In the article discussing public health initiatives to combat obesity and their ethicality, Holm argues that there are three different forms of paternalism: hard paternalism (direct coercion), soft paternalism (giving unwanted information or foreclosing some options for action), and maternalism (control by inducing a guilty conscience). He then applies these types of paternalism to a discussion of the ethics behind obesity interventions. The first question is whether it is justifiable to promote a person’s own health or well-being, if they do not want intervention. I immediately thought of the ethicality of posting calorie counts at restaurants. If the person does not want the information, this is most definitely a form of soft paternalism, and even a little bit of maternalism as guilt may prevent someone from ordering what they want. But is it justified?
Recent studies have found that while an estimated 15% of restaurant customers used calorie listings to help them choose healthier foods, the majority of listings were too confusing to guide diners to make healthier decisions. Programs like these often encourage businesses to work towards putting healthier and more nutritious items on their menus as they know that customers will be provided with the nutritional facts in an easy and convenient way. For example, it is embarrassing for McDonald’s to have to disclose that 20 Chicken McNuggets is 860 calories. Thus this provides both an incentive for business owners to provide healthier alternatives as well for consumers to make healthier eating decisions.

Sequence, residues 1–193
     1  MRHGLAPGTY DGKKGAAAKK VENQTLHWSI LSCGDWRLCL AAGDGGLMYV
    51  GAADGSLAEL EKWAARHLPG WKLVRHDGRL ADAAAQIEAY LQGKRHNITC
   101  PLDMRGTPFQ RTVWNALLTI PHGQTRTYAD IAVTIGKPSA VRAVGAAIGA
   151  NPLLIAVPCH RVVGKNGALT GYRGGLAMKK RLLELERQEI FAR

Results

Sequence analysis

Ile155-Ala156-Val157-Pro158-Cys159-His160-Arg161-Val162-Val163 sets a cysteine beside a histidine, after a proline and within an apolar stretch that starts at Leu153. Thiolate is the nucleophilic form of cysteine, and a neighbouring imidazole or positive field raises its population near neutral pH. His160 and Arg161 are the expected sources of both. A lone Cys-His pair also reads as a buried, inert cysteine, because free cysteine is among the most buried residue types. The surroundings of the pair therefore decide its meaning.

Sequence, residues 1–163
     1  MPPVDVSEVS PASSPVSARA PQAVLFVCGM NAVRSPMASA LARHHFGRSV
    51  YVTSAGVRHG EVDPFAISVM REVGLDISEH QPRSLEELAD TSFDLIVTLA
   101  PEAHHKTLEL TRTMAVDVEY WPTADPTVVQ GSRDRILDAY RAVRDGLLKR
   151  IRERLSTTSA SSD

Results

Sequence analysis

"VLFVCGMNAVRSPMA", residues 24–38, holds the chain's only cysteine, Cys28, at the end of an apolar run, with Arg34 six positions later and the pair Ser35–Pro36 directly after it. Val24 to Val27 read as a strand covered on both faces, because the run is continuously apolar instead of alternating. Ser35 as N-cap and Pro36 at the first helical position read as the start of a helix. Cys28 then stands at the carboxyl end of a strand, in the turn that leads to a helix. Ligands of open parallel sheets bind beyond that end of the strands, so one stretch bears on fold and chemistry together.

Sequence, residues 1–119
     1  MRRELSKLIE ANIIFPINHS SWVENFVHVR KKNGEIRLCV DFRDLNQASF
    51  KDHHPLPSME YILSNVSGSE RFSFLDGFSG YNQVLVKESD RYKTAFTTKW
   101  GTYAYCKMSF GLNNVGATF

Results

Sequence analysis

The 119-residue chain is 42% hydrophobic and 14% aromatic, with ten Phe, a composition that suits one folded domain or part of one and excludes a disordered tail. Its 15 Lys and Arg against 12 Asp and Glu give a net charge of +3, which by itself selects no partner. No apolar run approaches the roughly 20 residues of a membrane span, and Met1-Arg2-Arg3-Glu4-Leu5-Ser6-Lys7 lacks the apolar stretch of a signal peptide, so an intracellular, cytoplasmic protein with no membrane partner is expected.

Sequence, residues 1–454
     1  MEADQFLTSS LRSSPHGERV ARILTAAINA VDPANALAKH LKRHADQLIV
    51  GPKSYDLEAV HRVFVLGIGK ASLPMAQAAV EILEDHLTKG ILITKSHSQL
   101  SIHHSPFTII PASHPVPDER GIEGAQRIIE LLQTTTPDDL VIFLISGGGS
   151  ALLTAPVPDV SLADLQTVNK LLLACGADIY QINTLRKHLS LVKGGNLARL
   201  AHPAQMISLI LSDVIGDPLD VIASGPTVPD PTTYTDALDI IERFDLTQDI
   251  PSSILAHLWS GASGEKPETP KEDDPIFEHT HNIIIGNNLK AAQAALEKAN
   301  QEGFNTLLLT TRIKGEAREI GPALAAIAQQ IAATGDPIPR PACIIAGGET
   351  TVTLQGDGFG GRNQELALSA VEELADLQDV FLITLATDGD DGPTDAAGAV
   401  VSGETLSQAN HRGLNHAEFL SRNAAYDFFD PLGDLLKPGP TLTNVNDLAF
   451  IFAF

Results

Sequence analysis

Autonomous Decision Making
Misinformation, along with busy lifestyles and too many unhealthy choices, has been pegged as one of the leading causes of the obesity epidemic. In order for consumers to make a fully autonomous decision based on informed choices, they must have enough information to do so. While it is likely that the calorie listings encourage people to make healthier decisions, the information provided is in no way biased. The calorie listings are simply stating the facts and thus I don’t think it is fair to view them as a bias or a source of forced paternalism. I think the main question is whether or not society or the state is justified in interfering in our personal choices. But is it really interfering if they are only helping us make a more well informed decision? I argue that no. The displays of calorie values are ethical as well as important to the health of our society. There is no loss of freedom or autonomy in being provided the extra information, in fact autonomy is actually increased as more information allows one to form a better informed decision.